Comentarios de la gente - Escribir un comentario
No encontramos ningún comentario en los lugares habituales.
Otras ediciones - Ver todas
Transactions of the Kansas Academy of Science, Volúmenes1-3
Kansas Academy of Science
Vista completa - 1895
Abundant Americana amount April artist August autumn average number B. F. Mudge Baird Bird breeds in Kansas Canadensis Cassiterite cent cloudy coal comet Common Cretaceous Cyperaceae December Dendroeca deposit Eastern Ellis F. H. Snow feet five flowers Flycatcher footprints fossils Frank H fruit geological Grass Hall inches Irving J. H. Carruth January John Fraser July Kansas Academy Kansas River Leavenworth mean temperature metal meteors Miami county miles Miss E. C. W. month moss agate mound builders nearly nucleus observations October Osage Osage county Osawatomie Parker Pawnee Rock Permian Plants of Kansas Pliocene Popenoe portion Prairies Probably breeds Prof quantity rain rainfall Rare salt Sandpiper sandstone Saunders scientific seen severe frost slabs Society solar eclipse Sparrow species spring strata summer tail tion Topeka Triassic velocity Vireo Virginica Warbler Watson Western Kansas winds winter Wood Woodpecker zero
Página 60 - Nay, the ugly gutter, that stagnates over the drain-bars in the heart of the foul city, is not altogether base ; down in that, if you will look deep enough, you may see the dark serious blue of far-off sky, and the passing of pure clouds. It is at your own will that you see, in that despised stream, either the refuse of the street, or the image of the sky.
Página 60 - I am persuaded, that neither death, nor life, nor angels, nor principalities, nor powers, nor things present, nor things to come, nor height, nor depth, nor any other creature, shall be able to separate me from the love of God, which is in Christ Jesus our Lord.
Página 60 - ... there is hardly a roadside pond or pool which has not as much landscape in it as above it. It is not the brown, muddy, dull thing we suppose it to be; it has a heart like ourselves, and in the bottom of that there are the boughs of the tall trees, and the blades of the shaking grass, and all manner of hues, of variable, pleasant light out of the sky...
Página 38 - Report, 1874, p. 318. ular manner we have collected specimens from Washington County to Fort Lamed, a distance of 150 miles. The fossil plants are usually obtained from thin layers, or strata, extending in a horizontal position along a ravine or around a hill. They may occur at several places in the same vicinity, but usually without any connection. They are found at all depths in the Dakota, from within 35 feet of the Permian to within 40 feet of the Fort Hays limestone.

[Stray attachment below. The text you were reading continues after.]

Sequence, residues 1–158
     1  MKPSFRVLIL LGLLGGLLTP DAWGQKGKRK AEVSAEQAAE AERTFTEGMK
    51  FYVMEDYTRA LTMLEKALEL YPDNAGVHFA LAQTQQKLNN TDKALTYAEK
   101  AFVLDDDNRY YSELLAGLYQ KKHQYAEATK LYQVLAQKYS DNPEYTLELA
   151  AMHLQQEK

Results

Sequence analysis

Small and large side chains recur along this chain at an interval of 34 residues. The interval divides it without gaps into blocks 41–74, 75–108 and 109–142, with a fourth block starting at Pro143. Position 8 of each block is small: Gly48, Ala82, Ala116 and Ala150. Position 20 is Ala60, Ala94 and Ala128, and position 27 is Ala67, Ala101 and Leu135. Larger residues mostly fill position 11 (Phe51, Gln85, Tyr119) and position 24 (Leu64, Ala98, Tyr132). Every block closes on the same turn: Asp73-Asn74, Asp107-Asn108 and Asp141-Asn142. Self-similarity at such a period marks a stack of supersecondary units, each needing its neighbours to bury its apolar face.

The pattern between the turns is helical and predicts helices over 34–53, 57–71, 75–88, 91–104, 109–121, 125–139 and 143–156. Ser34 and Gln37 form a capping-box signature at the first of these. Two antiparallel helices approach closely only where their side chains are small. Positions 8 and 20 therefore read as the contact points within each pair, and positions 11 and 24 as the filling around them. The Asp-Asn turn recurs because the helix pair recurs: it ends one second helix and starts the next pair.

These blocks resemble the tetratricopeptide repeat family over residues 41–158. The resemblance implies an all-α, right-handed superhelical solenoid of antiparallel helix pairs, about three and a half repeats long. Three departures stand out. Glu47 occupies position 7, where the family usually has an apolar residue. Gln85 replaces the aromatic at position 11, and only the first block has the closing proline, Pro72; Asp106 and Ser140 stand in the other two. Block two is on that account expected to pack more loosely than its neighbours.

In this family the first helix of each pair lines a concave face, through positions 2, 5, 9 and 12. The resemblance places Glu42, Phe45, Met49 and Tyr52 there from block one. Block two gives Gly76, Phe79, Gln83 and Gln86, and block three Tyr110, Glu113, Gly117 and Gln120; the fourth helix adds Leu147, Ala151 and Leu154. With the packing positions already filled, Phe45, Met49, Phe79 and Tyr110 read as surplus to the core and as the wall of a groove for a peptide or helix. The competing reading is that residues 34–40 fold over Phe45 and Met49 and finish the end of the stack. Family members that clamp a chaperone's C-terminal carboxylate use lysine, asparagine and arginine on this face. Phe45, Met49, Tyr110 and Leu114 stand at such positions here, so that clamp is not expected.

Página 6 - The annual meeting of the society was held in the rooms of the Machinery Club, 50 Church street, New York, on the evening of January 12.
Página 38 - Three years ago, passing from Salina to Harker, when near what is now the town of Bavaria, we picked up in the road some marine fossils. Tracing the specimens to the top of an adjoining hill, we found a few acres covered with a stratum not over two feet in thickness, rich in small shells. We sent a box to Prof.
Página 4 - ... condition of the people, in their social economy and morals, the general intellectual darkness of the period referred to could not fail to impress us both profoundly and painfully. Out of that darkness and chaos have come, as if by magic, all our modern democracy with its individual liberty and dignity, all our civil and religious freedom, all our philanthropy and benevolence, all our diffused comfort and luxury, most of our good manners and good morals, and all the splendid achievements of our...
Página 40 - State Agricultural Society : DEAR SIR — In compliance with your request, I send you report of the annual fair of the Tioga County Agricultural Society for 1868.
Página 82 - ... orbit of the meteoric ring to which the shooting stars of the 10th of August belong before they are drawn into the Earth's atmosphere. " The almost perfect identity of the two orbits justifies Schiaparelli in the bold. assertion that the comet of 1862, No. III., is no other than the remains of the comet out of which the meteoric ring of the 10th of August has been formed in the course of time.